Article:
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Managing women: disciplining labor in modern japan - Managing Female Employees The Right Way | Robin Coyle



The latest Census Bureau statistics reveal that women owned businesses are hotter than ever. Between 1997 and 2002 women started businesses at twice the national rate. Women-owned businesses with more than $1 million in revenue went up by 18% and those with more than 100 employees went up by 10%.

One upshot of all this growth is that now there are more women in leadership positions than ever. Whether they head their division or head the whole company, these women are in a position to do something they may have wanted to do for a long time. Hire other women.

Women like working with other smart, savvy women. There's often less ego involved and more willingness to collaborate. As woman leaders, we can create a culture where success doesn't have to mean trying to become "one of the guys." But our idealistic visions of women working together do not always translate smoothly into practice. There's no guarantee that just because we hire other women, everyone will magically get along. Here are a few of the more common problem areas we can encounter:

The latest Census Bureau statistics reveal that women owned businesses are hotter than ever. Between 1997 and 2002 women started businesses at twice the national rate. Women-owned businesses with more than $1 million in revenue went up by 18% and those with more than 100 employees went up by 10%.

One upshot of all this growth is that now there are more women in leadership positions than ever. Whether they head their division or head the whole company, these women are in a position to do something they may have wanted to do for a long time. Hire other women.

Women like working with other smart, savvy women. There's often less ego involved and more willingness to collaborate. As woman leaders, we can create a culture where success doesn't have to mean trying to become "one of the guys." But our idealistic visions of women working together do not always translate smoothly into practice. There's no guarantee that just because we hire other women, everyone will magically get along. Here are a few of the more common problem areas we can encounter:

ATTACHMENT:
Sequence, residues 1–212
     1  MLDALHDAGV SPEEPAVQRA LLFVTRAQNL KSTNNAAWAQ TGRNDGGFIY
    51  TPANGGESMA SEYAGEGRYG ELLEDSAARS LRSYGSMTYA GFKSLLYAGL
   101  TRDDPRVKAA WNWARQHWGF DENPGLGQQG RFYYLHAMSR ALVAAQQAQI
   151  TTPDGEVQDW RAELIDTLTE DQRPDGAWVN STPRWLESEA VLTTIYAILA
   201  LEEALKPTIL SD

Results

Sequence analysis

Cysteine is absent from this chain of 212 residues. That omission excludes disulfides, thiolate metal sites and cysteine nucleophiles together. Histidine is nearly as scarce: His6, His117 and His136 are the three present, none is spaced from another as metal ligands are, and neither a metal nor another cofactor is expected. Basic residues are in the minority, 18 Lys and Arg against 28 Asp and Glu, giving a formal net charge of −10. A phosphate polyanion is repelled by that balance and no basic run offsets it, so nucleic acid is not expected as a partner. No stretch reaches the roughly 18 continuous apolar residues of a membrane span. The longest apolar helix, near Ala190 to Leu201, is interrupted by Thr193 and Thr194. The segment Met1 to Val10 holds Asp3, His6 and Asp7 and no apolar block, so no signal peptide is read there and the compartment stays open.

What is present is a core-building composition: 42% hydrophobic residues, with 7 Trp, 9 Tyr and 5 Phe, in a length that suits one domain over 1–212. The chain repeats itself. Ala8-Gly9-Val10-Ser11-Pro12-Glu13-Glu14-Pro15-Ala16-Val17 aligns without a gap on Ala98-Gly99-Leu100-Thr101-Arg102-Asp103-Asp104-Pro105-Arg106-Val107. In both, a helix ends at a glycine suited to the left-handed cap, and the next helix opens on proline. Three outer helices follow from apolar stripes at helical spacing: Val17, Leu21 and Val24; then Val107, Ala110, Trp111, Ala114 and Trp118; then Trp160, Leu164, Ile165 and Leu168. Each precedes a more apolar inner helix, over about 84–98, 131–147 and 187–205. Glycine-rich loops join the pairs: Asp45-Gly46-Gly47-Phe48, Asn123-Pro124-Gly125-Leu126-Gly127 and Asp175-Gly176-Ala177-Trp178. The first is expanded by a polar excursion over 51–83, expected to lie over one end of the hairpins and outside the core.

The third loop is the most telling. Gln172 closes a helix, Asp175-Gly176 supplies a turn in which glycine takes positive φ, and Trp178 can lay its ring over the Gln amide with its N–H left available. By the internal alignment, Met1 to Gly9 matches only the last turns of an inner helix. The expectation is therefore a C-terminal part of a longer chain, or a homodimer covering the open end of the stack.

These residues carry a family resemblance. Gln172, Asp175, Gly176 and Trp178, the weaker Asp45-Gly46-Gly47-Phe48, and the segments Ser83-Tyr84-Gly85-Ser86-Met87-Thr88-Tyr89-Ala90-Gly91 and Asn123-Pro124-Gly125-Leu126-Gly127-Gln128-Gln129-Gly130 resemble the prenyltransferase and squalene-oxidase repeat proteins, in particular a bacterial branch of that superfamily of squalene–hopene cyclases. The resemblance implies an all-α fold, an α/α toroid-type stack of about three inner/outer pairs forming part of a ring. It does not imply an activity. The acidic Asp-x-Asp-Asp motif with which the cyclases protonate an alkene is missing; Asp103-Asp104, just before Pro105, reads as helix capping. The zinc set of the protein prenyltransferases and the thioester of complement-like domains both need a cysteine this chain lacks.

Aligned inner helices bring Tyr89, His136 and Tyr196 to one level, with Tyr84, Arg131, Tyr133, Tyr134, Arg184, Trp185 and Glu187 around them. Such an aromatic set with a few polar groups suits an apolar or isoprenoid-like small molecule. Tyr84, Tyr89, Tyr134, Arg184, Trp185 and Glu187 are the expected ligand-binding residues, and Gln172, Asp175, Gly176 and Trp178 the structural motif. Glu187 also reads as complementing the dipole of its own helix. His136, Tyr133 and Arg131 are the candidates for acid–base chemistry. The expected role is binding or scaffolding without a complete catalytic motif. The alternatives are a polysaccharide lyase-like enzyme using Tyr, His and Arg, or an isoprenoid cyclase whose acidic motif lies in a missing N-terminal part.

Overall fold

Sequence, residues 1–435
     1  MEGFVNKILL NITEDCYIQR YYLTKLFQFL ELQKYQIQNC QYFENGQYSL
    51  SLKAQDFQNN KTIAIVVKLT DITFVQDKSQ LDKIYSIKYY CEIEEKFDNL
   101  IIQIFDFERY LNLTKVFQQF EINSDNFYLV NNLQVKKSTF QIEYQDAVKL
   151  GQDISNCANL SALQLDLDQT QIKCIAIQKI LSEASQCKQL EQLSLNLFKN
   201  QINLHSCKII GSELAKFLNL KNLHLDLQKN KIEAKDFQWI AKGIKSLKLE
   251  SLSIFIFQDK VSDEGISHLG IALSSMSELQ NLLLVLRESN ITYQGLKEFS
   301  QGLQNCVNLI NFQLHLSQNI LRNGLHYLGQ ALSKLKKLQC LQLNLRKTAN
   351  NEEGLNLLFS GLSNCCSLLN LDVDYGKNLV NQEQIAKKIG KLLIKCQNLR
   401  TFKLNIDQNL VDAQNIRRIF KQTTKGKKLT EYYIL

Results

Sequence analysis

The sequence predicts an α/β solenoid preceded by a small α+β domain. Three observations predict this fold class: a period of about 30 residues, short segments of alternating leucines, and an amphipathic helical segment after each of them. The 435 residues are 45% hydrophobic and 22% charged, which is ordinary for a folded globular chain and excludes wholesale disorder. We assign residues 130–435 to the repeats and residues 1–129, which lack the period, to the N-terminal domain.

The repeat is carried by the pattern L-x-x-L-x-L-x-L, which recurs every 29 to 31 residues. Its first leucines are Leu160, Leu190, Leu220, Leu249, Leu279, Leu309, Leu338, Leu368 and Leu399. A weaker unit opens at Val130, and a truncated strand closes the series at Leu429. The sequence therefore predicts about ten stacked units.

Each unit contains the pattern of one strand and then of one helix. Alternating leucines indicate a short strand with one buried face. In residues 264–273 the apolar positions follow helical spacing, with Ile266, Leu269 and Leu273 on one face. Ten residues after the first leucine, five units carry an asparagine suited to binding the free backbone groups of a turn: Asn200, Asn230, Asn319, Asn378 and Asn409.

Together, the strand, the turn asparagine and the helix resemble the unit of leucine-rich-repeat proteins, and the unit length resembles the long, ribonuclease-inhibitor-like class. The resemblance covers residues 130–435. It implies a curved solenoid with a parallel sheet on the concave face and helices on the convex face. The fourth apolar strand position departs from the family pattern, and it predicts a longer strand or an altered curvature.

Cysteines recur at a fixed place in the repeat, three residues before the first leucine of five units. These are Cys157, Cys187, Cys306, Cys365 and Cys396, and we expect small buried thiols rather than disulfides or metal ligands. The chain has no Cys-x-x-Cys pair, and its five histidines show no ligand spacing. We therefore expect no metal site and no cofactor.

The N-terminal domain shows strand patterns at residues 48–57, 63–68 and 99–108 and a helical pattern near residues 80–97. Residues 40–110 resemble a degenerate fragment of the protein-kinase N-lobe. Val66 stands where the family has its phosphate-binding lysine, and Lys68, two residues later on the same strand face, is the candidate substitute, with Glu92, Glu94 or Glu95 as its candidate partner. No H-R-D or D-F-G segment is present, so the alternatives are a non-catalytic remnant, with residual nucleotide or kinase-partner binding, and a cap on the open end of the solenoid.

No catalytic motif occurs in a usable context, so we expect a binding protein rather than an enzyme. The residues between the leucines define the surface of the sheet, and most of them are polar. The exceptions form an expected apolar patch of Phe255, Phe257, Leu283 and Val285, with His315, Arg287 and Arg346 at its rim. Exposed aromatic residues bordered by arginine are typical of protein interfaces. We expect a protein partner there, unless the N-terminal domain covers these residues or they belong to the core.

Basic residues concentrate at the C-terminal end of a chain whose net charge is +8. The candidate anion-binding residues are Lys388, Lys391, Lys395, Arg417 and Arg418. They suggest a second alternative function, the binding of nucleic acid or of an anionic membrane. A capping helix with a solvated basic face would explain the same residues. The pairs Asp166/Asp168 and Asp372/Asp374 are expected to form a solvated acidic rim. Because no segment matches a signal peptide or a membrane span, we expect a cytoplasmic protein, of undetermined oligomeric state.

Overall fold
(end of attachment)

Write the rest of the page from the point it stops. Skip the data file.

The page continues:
Studies show the majority of women believe confidence is key to effective leadership, but it’s something they struggle with throughout their careers. So what can they do to enhance their presence at senior levels?

Almost all the successful career women who have achieved a seat at the top table have applied their business savvy in two strategic ways that help to position them as leaders who truly makes a mark.

There has been a lot of discussion about the stereotypes contributing to the lack of women in the c-suite. But one of the biggest obstacles could be their own assumptions about the path they’re supposed to take.

Sometimes even the most well-intentioned men come across as patronizing, Joanne Lipman argues. itupictures/flickr

Facebook Chief Operating Officer Sheryl Sandberg made "lean in" a catchphrase for ambitious professional women around the world, and there are loads of leadership conferences, seminars, and articles dedicated to helping women excel in their careers.

These are all great, author and journalist Joanne Lipman says, but women get it at this point. Our attention needs to turn towards educating men.

The latest Census Bureau statistics reveal that women owned businesses are hotter than ever. Between 1997 and 2002 women started businesses at twice the national rate. Women-owned businesses with more than $1 million in revenue went up by 18% and those with more than 100 employees went up by 10%.

One upshot of all this growth is that now there are more women in leadership positions than ever. Whether they head their division or head the whole company, these women are in a position to do something they may have wanted to do for a long time. Hire other women.

Women like working with other smart, savvy women. There's often less ego involved and more willingness to collaborate. As woman leaders, we can create a culture where success doesn't have to mean trying to become "one of the guys." But our idealistic visions of women working together do not always translate smoothly into practice. There's no guarantee that just because we hire other women, everyone will magically get along. Here are a few of the more common problem areas we can encounter:

Studies show the majority of women believe confidence is key to effective leadership, but it’s something they struggle with throughout their careers. So what can they do to enhance their presence at senior levels?

Almost all the successful career women who have achieved a seat at the top table have applied their business savvy in two strategic ways that help to position them as leaders who truly makes a mark.

There has been a lot of discussion about the stereotypes contributing to the lack of women in the c-suite. But one of the biggest obstacles could be their own assumptions about the path they’re supposed to take.


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